HC Deb 08 July 1889 vol 337 cc1682-3

I beg to ask the Secretary of State for War, is he aware that, on 23rd March, 1889, 12 men en- gaged in the Inspection Department at the Royal Dockyard Woolwich, received notice that their services would not be required after 30th March; that one of these men had been identified with the exposure of the appointment of contractors' men as "viewers" in place of mechanics employed by the Government; that, in spite of a printed order to the contrary posted in the workshop, permission to see Colonel Barrington, Superintendent of Inspectors, was refused on the ground that he was too busy; will he inform the House whether it is permissible for properly qualified mechanics to be discharged from the Royal Dockyard after 12 years' continuous engagement on the ground that they are "classed as agitators;" and, whether he will direct that in future all appointments as viewers shall be from among the regular employés of proved ability?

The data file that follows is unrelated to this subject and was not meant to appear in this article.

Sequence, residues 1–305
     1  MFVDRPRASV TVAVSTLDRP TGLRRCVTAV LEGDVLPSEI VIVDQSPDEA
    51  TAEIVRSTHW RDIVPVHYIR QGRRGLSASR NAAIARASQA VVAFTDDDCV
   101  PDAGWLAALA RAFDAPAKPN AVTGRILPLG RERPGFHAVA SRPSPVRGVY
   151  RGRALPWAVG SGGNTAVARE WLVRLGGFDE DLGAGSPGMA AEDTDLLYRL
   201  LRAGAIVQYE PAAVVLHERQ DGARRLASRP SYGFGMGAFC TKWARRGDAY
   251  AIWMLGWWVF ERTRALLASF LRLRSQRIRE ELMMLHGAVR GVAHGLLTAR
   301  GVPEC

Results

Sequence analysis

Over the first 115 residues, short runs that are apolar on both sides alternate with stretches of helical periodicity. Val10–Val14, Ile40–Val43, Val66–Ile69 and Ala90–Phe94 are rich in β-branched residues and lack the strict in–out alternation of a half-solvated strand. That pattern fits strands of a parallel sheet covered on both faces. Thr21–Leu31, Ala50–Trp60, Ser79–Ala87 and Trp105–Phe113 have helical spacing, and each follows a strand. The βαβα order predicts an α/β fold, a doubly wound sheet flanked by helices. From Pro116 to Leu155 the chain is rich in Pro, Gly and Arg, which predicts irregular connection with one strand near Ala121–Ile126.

The discharges referred to were not from the Inspection Department, but from the collar-makers' shop, where a reduction of civilian workmen was rendered necessary by service changes. I am informed that there is no ground for the other statements in the question. Appointments as viewers are made, and will continue to be made, from men who are considered most qualified for the purpose, but due regard is always bad to the claims of men already in the service.